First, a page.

I came back to UCSD in the fall of 1993 older, stronger and having watched the best volleyball in the world close-up. I made the team and played three years.
Q-You were a chemistry major and later taught chemistry as a TA at UCSD and an adjunct professor at University of San Diego. Any similarities between chemistry and volleyball?
RING-No—at least not the subjects. But as far as teaching, “yes.” There is a lot of carryover from one to the other.
In both, teaching and coaching, you’re essentially trying to get people to learn something new or try something different that will eventually become routine. In chemistry, it might be working out a problem, on the court it might be passing a volleyball. It’s interesting to note that over the years at UCSD there have been a lot of “chemistry-volleyball” guys.
Q-Who is the best volleyball player you’ve ever seen?
RING-Karch Kiraly was already gone when I got to the national team, but during my time, Eric Sato was certainly one of the best. Seeing him in the gym on a daily basis, he was just a phenomenal player. He would be digging ball after ball and the other players would be left wondering how he did it.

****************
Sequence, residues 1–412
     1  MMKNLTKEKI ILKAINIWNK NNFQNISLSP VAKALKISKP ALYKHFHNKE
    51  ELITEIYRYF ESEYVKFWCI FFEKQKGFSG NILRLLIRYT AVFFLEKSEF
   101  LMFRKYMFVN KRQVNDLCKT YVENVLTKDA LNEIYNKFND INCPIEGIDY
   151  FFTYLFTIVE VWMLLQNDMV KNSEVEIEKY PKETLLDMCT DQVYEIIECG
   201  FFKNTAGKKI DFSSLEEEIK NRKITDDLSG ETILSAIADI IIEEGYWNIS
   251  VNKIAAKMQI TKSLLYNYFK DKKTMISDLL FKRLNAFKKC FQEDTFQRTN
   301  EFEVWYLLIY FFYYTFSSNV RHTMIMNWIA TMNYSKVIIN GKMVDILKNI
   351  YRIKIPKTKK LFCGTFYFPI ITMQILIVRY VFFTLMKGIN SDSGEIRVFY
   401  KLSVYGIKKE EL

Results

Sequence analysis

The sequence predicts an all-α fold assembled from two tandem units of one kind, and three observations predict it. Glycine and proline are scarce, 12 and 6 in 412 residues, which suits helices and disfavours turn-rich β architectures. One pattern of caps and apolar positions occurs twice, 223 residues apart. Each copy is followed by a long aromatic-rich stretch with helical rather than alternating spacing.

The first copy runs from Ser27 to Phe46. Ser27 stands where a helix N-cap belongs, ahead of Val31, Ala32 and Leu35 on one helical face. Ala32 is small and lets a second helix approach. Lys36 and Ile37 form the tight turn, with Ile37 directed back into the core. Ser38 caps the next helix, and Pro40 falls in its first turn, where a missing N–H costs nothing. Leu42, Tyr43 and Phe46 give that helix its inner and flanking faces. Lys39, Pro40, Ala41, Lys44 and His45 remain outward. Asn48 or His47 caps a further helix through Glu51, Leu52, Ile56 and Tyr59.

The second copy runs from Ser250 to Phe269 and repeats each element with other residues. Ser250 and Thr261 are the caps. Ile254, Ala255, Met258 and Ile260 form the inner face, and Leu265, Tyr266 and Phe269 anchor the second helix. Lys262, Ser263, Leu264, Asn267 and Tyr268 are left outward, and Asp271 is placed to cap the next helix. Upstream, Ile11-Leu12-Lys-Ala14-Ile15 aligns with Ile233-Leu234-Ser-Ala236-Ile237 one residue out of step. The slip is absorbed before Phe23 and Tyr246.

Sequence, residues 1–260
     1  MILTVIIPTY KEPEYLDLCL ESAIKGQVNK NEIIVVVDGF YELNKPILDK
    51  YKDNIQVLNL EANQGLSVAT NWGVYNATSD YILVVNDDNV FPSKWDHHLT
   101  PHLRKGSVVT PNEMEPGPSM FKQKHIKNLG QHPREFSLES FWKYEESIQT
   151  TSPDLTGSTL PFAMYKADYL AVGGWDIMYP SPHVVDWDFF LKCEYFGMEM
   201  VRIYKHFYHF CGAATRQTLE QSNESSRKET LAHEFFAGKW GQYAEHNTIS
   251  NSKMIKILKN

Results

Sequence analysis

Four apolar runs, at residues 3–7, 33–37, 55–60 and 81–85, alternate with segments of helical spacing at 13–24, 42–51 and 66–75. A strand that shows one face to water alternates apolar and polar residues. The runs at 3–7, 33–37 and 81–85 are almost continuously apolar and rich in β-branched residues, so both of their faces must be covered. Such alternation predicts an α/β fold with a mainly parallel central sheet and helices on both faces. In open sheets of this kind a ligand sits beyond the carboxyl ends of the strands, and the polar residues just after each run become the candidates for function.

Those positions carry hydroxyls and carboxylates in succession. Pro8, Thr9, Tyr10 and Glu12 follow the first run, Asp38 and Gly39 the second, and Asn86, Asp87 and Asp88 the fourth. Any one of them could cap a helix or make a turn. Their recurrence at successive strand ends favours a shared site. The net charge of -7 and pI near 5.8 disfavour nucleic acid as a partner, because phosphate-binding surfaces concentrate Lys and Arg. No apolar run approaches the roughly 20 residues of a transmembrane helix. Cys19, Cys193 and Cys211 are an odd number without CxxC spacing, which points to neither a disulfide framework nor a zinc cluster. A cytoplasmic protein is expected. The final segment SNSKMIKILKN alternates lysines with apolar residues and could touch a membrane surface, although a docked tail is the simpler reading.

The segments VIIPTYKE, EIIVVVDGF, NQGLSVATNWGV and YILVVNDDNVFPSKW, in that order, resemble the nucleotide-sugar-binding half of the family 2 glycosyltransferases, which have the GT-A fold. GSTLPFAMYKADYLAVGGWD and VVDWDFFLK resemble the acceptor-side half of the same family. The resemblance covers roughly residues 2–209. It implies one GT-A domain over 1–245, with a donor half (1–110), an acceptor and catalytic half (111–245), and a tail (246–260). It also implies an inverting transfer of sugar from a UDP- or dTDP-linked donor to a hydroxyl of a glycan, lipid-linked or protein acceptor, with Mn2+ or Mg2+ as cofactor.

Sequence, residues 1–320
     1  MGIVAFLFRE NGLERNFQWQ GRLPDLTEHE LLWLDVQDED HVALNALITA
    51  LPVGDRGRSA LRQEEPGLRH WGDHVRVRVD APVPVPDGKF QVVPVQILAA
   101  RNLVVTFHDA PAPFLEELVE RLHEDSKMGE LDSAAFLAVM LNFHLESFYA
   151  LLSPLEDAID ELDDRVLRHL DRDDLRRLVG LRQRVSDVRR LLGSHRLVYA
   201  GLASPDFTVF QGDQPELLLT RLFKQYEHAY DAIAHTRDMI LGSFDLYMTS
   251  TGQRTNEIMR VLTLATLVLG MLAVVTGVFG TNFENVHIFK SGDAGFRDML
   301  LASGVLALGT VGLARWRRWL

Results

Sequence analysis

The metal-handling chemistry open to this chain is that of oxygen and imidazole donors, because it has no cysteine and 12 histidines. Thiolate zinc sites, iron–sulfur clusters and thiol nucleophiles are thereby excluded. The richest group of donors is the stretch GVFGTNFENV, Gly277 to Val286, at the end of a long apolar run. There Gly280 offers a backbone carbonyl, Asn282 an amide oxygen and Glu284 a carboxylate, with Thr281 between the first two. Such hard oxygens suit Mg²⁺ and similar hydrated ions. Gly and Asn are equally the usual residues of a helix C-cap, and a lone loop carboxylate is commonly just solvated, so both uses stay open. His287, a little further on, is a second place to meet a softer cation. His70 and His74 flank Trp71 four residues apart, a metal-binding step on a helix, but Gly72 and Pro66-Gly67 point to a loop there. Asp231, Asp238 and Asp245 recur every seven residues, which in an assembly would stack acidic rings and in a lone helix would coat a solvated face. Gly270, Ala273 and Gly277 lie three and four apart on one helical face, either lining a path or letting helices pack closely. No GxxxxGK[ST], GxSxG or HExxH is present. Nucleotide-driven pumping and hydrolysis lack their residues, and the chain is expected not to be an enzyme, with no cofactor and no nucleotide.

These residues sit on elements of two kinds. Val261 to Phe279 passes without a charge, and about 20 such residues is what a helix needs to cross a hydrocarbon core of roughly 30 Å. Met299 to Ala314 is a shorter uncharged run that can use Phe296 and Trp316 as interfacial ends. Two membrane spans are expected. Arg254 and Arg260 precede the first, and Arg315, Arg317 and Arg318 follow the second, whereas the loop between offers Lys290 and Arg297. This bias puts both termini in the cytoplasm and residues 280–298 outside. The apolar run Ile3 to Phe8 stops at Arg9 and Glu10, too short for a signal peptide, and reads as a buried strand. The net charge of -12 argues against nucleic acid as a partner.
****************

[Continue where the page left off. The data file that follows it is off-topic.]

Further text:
As a setter, Jeff Stork was one of the best in the world at his position and was also extremely competitive.
Q-In practice, what is the No. 1 focus of your team?
RING-This past fall we worked a ton on serving, passing and blocking. The game has gotten to a point where you have to be able to serve at a very high level. I have told the team that our objective is to serve tough but don’t miss. That’s not easy to do.
For us to be successful, we also have to pass at a high level so that we’re “in system” for our setter, Brooks Dierdorff, and we can run our offensive the way we want.
As far as blocking, we’re one of the smaller teams in the MPSF but we have to be able to slow down opposing offenses. We’re not necessarily going to be stuff blocking other teams but if we can touch a lot of balls and control block, it will really help our defense.